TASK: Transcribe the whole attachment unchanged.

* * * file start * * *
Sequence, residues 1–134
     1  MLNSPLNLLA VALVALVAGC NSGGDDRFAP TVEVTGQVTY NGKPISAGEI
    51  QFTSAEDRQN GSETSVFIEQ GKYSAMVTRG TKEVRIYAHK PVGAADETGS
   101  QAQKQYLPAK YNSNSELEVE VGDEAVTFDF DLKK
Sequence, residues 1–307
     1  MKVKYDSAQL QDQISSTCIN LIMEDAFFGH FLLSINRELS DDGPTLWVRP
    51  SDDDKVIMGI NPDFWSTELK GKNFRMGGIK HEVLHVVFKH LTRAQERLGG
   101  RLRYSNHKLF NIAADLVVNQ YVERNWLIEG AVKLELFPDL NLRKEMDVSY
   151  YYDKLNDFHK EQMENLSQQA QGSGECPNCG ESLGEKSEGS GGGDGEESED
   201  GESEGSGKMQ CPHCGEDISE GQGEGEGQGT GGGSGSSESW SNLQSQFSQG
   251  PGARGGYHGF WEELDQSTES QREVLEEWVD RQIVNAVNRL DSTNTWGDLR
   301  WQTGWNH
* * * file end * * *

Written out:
Sequence, residues 1–134
     1  MLNSPLNLLA VALVALVAGC NSGGDDRFAP TVEVTGQVTY NGKPISAGEI
    51  QFTSAEDRQN GSETSVFIEQ GKYSAMVTRG TKEVRIYAHK PVGAADETGS
   101  QAQKQYLPAK YNSNSELEVE VGDEAVTFDF DLKK
Sequence, residues 1–307
     1  MKVKYDSAQL QDQISSTCIN LIMEDAFFGH FLLSINRELS DDGPTLWVRP
    51  SDDDKVIMGI NPDFWSTELK GKNFRMGGIK HEVLHVVFKH LTRAQERLGG
   101  RLRYSNHKLF NIAADLVVNQ YVERNWLIEG AVKLELFPDL NLRKEMDVSY
   151  YYDKLNDFHK EQMENLSQQA QGSGECPNCG ESLGEKSEGS GGGDGEESED
   201  GESEGSGKMQ CPHCGEDISE GQGEGEGQGT GGGSGSSESW SNLQSQFSQG
   251  PGARGGYHGF WEELDQSTES QREVLEEWVD RQIVNAVNRL DSTNTWGDLR
   301  WQTGWNH